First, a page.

" 'Promoting' entails supporting the integral human development of migrants and refugees. Among many possible means of doing so, I would stress the importance of ensuring access to all levels of education for children and young people. This will enable them not only to cultivate and realize their potential, but also better equip them to encounter others and to foster a spirit of dialogue rather than rejection or confrontation. The Bible teaches that God 'loves the foreigner residing among you, giving them food and clothing. And you are to love those who are foreigners, for you yourselves were foreigners in Egypt.'[15]

" 'Integrating,' lastly, means allowing refugees and migrants to participate fully in the life of the society that welcomes them, as part of a process of mutual enrichment and fruitful cooperation in service of the integral human development of the local community. Saint Paul expresses it in these words: 'You are no longer foreigners and strangers, but fellow citizens with God's people.'[16]

"5. A proposal for two international compacts

"It is my heartfelt hope this spirit will guide the process that in the course of 2018 will lead the United Nations to draft and approve two Global Compacts, one for safe, orderly, and regular migration and the other for refugees. As shared agreements at a global level, these compacts will provide a framework for policy proposals and practical measures. For this reason, they need to be inspired by compassion, foresight, and courage, so as to take advantage of every opportunity to advance the peace-building process. Only in this way can the realism required of international politics avoid surrendering to cynicism and to the globalization of indifference.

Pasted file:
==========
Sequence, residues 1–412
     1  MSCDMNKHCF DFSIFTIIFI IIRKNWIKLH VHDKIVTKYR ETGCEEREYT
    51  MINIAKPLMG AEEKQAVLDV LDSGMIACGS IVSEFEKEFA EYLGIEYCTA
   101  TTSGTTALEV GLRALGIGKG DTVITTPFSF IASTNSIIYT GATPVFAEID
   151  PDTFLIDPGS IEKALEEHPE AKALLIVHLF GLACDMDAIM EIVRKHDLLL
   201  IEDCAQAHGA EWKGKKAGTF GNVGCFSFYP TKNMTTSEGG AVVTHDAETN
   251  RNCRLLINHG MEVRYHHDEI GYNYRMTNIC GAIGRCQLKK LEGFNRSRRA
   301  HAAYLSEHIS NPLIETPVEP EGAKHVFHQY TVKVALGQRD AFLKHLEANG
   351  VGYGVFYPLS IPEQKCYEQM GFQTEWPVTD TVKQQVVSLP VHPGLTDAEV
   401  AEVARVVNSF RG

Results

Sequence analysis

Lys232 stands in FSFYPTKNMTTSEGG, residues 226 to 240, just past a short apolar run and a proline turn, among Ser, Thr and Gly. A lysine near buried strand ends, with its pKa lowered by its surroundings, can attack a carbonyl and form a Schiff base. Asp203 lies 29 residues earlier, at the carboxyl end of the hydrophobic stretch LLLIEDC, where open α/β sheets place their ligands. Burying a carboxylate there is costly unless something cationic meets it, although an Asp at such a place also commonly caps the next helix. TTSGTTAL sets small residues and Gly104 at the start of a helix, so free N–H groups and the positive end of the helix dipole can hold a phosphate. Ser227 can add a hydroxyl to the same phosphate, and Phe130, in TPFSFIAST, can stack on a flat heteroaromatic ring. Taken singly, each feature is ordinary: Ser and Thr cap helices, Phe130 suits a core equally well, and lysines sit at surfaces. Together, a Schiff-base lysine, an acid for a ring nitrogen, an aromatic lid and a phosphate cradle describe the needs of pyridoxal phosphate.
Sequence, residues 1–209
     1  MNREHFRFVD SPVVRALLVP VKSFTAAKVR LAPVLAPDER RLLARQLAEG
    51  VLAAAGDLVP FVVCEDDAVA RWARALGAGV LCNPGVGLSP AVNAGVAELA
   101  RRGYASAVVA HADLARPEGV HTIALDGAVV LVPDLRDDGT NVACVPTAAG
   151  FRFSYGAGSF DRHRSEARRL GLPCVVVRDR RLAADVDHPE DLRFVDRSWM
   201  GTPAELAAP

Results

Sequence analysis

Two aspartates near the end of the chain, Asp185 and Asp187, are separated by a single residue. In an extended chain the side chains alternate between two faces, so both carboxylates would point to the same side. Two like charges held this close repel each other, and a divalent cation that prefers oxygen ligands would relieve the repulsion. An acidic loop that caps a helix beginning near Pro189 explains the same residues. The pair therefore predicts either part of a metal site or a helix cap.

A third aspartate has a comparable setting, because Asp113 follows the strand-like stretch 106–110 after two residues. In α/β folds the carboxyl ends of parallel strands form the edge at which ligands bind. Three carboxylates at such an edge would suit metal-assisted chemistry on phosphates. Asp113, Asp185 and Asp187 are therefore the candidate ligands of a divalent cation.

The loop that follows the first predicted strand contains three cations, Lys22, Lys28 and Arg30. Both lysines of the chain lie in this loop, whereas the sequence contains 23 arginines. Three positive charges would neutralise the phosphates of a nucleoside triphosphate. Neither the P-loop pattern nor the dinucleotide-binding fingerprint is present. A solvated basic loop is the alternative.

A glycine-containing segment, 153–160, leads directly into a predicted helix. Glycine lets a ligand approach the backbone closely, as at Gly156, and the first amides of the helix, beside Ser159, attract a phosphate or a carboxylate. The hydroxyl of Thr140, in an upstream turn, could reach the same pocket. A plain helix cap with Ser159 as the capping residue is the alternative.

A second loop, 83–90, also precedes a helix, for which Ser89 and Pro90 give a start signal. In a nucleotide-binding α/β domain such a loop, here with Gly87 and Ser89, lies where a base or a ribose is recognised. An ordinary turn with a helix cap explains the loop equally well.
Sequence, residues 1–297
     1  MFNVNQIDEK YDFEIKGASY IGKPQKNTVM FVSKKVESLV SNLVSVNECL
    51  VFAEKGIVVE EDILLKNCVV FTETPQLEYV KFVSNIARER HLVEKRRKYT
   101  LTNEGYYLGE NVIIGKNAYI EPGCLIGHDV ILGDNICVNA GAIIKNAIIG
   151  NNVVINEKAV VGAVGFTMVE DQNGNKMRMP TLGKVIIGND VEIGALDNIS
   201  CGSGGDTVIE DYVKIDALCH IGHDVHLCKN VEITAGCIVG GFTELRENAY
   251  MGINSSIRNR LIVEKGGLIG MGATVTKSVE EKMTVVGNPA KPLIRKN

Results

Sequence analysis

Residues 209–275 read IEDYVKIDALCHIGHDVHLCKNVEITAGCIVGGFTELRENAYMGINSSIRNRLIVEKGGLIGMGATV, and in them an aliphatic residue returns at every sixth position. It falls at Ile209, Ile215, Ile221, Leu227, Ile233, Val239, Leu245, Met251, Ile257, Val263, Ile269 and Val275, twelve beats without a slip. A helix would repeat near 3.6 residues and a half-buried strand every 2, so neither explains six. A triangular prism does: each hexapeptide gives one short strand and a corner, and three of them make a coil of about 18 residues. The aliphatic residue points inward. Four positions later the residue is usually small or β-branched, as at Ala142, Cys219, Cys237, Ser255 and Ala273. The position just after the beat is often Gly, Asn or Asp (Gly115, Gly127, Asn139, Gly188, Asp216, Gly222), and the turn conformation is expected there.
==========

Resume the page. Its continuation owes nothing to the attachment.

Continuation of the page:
"Dialogue and coordination are a necessity and a specific duty for the international community. Beyond national borders, higher numbers of refugees may be welcomed - or better welcomed - also by less wealthy countries, if international cooperation guarantees them the necessary funding.

"The Migrants and Refugees Section of the Dicastery for Promoting Integral Human Development has published a set of twenty action points that provide concrete leads for implementing these four verbs in public policy and in the attitudes and activities of Christian communities.[17] The aim of this and other contributions is to express the interest of the Catholic Church in the process leading to the adoption of the two U.N. Global Compacts. This interest is the sign of a more general pastoral concern that goes back to the very origins of the Church and has continued in her many works up to the present time.

"6. For our common home